Two nights before the end of Christmas break, I ran into Bonnie McCorkle, my high school girlfriend, at the Black Cat. We bought each other beers, played a clumsy game of darts, and somewhere into her third beer, Bonnie got weepy. College was a bummer, she said. It was senior year, and she had yet to find her people. The only Christians there were nice, she told me, but Korean and Filipino, and mostly majoring in STEM subjects. That surprised me. If you subscribed to Bonnie’s brand of Christianity, it seemed like you should pick a different major. But it was hard to imagine what, exactly. I could understand why college might be challenging for Bonnie, in a way that high school wasn’t. She’d cheered and sang in chorus and been in student government. Her piety hadn’t been a problem then, not a social problem anyway, not a problem for anyone besides me.
Because of Bonnie, I hadn’t had sex until I got to college.
It felt awkward and vindicating both, to see Bonnie McCorkle wipe away tears and wax nostalgic about us. She hadn’t met anyone she connected with, she said, and over the next hour, that “anyone” got more pointed and male-specific. I gathered her virginity, such a fetishized thing when I had known her, something proudly and literally brandished (she’d worn one of those obnoxious saving herself rings) had now become how so many others, including myself, had regarded our virginity: cumbersome, something to divest.
So I went home with Bonnie. Over winter break, she was staying at the in-law apartment over her parents’ garage. Which of course was more private, but there was a part of me that regretted not having sex with her on that princess bed of hers, painted sky blue, in her childhood room, now converted to a sewing and Pilates room. That bed had been the site of so much teenage angst.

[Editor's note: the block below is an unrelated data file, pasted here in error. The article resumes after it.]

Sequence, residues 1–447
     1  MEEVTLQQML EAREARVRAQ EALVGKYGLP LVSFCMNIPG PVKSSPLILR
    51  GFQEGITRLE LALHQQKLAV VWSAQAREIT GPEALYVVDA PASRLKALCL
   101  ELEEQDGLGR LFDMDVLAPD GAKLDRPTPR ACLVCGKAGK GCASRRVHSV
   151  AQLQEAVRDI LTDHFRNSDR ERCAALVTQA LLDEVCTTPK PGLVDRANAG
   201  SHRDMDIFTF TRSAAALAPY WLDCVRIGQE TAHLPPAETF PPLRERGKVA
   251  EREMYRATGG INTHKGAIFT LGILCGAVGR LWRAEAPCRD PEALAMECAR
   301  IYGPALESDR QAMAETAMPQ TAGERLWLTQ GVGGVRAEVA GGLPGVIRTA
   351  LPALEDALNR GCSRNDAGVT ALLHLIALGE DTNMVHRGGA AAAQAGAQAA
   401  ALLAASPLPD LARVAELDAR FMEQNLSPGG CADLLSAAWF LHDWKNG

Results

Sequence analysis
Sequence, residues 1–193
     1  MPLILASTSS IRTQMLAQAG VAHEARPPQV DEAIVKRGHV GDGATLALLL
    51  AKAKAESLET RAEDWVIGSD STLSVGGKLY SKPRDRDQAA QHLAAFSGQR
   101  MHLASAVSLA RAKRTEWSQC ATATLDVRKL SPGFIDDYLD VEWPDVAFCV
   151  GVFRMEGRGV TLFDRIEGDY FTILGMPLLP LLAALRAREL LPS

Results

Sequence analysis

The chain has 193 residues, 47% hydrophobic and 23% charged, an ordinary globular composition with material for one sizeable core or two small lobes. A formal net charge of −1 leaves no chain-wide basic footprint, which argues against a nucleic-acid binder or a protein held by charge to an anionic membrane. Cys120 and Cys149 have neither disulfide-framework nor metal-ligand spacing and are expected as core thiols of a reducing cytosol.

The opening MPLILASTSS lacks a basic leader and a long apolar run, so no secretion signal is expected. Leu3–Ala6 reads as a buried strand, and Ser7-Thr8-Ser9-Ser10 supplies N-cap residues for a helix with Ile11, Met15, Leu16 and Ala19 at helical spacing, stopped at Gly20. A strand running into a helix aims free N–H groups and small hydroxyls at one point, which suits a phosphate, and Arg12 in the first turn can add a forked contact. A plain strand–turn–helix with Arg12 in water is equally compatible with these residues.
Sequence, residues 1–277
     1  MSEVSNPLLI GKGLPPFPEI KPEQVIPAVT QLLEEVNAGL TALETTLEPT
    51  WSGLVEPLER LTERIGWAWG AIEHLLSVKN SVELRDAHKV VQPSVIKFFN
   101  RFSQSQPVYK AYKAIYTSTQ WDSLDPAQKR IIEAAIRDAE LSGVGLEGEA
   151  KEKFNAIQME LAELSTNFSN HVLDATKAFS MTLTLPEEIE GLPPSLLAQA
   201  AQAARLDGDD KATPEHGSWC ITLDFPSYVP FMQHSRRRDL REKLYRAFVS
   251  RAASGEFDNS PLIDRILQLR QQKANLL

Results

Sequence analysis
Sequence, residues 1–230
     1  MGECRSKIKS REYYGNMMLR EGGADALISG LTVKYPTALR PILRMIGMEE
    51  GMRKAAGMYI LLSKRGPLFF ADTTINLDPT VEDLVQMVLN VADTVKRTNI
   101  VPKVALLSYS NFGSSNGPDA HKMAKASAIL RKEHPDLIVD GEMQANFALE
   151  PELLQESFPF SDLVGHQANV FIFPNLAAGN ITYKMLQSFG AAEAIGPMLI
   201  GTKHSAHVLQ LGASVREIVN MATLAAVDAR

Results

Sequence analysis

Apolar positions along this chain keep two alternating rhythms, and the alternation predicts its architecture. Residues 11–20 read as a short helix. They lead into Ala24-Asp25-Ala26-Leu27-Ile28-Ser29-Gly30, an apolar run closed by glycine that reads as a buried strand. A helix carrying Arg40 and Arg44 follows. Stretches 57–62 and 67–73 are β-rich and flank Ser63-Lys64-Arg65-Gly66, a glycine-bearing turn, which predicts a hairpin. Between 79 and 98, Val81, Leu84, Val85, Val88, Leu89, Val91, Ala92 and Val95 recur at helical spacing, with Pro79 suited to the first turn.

Afterwards, I took off. I didn’t want to cuddle, to pretend something significant had taken place.
In the morning Bonnie texted me. “That was so fun seeing you Danny! J Can we hang out today?” I texted back: “Srry busy.” Of course I could have said something else, something that was even true—it was my last day home, I had promised my mother I’d go shopping with her for an eight-foot ladder. I could have been kinder, I mean, but I chose not to be.
Initially, that felt good. I’d achieved what I hadn’t gotten to experience last night, once diverted to the garage apartment—setting the past right, correcting a power imbalance that had been frustrating, though tolerable, at the time, but had rankled afterwards, a bottled sauce gone sour.
But in short order, I started feeling shitty. Bonnie’s text kind of broke my heart—that chipper smiley face, that careful adjective “fun.” I could picture Bonnie taking her time composing it, shooting for a jaunty, cavalier tone. Shooting for and missing it, like the prior night’s wayward game of darts.
When I got my wisdom teeth out senior year, Bonnie had made me toffee pudding from scratch, some complicated Joy of Cooking recipe. She sat on my bed and spoon-fed me. I would never let my current girlfriend Emma see me looking like that, my face all fucked up, my cheeks swollen and bruised.
I’d met Emma in my Modern Art class. She had money and knew a lot of things I was trying to catch up on, not just about art but alternative music, Middle Eastern cuisine, French New Wave, backpacking through Europe. Being with her involved a different kind of pressure.
I felt sad, suddenly, not for Bonnie McCorkle but for myself, the seventeen-year-old me who had loved her, maybe with questionable judgment. It seemed to me that I’d been more ridiculous then, but also a better person; that aging was not, as I’d anticipated, a steady climb to prettier views; and that I’d betrayed not Bonnie McCorkle or even Emma, so much as my own formerly resilient self.